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Saw something at the baseball

game on Thursday that I'd never seen before: while Cliff Floyd was arguing his ejection, a representative from the Blue Jays' dugout went and talked to pitcher Roy Halladay.

Because the homeplate ump was busy acting as sounding board for Mr. Floyd's insults, and the rep from the dugout ran on and off the field, it seemed like it was not an officially noticed visit. Is the pitcher entitled to a visit from his dugout when a player on the opposing team is ejected?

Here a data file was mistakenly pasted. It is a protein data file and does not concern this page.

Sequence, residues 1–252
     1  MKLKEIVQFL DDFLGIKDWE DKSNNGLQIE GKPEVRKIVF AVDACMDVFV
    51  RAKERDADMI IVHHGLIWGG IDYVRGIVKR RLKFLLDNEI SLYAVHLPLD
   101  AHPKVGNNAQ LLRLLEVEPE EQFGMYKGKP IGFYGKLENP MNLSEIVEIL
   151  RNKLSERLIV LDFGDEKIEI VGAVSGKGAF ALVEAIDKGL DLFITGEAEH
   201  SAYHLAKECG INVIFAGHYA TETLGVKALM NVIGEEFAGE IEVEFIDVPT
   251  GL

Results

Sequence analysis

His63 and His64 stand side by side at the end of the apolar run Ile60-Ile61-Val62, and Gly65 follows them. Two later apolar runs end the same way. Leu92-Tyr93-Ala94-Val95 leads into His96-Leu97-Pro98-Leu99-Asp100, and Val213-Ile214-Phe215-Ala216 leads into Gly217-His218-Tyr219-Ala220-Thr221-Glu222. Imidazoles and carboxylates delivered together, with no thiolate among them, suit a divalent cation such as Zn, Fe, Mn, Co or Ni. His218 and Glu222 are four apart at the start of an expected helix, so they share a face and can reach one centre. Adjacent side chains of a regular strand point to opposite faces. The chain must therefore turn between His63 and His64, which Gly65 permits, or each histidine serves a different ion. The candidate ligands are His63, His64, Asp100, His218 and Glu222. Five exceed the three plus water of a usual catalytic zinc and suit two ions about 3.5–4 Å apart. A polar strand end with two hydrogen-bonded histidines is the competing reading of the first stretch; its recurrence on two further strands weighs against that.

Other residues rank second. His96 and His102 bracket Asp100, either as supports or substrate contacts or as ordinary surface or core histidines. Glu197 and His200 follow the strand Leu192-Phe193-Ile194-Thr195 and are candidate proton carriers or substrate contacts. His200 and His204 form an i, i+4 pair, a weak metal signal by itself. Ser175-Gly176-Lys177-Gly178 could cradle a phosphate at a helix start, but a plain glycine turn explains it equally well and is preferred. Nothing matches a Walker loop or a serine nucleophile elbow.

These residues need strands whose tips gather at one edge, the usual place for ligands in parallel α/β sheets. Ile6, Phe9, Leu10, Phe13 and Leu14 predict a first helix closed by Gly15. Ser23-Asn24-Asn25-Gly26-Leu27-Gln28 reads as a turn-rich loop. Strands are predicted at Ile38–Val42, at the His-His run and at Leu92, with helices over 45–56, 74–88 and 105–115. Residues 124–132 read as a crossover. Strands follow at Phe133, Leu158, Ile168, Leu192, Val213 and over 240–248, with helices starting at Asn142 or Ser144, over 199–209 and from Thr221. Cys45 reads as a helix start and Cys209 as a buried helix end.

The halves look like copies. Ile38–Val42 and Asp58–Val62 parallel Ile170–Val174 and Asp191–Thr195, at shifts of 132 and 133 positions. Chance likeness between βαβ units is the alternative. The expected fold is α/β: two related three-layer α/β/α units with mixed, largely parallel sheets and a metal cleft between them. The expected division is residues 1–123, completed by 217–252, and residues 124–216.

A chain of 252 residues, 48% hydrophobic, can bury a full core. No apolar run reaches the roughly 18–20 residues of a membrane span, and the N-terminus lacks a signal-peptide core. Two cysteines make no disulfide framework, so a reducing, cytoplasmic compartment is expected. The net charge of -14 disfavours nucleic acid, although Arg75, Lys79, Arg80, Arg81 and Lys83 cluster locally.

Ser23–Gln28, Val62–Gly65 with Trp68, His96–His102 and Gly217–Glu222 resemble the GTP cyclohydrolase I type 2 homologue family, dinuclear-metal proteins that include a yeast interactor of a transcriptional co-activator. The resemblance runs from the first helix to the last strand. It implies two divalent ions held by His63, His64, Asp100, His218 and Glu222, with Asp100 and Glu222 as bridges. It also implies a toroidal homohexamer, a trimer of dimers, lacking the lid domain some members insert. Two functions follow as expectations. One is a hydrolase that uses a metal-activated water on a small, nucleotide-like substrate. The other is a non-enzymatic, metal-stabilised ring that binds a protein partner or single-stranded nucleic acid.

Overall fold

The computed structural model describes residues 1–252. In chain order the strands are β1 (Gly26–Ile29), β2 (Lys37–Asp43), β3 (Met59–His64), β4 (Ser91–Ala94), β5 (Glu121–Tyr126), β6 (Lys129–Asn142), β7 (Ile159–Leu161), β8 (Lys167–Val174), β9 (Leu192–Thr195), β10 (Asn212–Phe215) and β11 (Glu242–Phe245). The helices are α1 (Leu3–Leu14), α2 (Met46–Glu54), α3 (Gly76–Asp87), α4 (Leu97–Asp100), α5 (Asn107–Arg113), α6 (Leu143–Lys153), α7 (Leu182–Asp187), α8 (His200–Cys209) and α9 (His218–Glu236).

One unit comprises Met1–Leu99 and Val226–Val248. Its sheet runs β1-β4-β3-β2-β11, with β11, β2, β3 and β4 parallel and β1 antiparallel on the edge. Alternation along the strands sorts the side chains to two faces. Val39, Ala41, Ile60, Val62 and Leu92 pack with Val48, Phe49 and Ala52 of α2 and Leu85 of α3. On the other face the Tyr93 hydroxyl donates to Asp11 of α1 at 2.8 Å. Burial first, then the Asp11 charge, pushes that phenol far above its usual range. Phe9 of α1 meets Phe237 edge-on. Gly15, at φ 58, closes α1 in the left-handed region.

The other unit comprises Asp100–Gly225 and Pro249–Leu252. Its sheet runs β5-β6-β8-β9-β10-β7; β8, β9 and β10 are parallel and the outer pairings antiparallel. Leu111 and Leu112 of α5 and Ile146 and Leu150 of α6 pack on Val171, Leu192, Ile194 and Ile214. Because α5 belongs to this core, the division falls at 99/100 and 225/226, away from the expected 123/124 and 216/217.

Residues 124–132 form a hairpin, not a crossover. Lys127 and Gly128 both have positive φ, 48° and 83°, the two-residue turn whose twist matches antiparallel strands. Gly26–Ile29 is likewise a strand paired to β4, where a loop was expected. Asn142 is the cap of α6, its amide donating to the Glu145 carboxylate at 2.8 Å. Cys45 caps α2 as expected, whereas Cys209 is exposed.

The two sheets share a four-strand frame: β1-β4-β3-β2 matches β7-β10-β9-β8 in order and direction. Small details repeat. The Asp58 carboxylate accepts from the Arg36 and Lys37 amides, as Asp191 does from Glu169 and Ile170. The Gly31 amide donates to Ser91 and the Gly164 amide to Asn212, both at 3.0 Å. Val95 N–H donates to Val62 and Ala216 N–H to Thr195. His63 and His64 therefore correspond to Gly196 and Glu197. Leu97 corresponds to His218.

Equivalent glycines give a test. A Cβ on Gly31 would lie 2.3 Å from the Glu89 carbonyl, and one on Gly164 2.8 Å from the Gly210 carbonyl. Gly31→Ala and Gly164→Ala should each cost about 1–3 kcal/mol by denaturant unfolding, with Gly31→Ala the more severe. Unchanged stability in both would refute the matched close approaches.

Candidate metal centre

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Hi, I'm Kareem Mayan. I co-founded eduFire, an online video tutoring company.

I've done time at ESPN and FIM.

I advise WorldBlu, helping them build democratic companies.

I moderated a council for Creative Good.

And, I helped bring Barcamp, a technology un-conference, to LA, which is where I live. I am now living and working in cool cities around the world.

More about me.

Opinions stated here are mine alone.

Contact: blog -at- reemer


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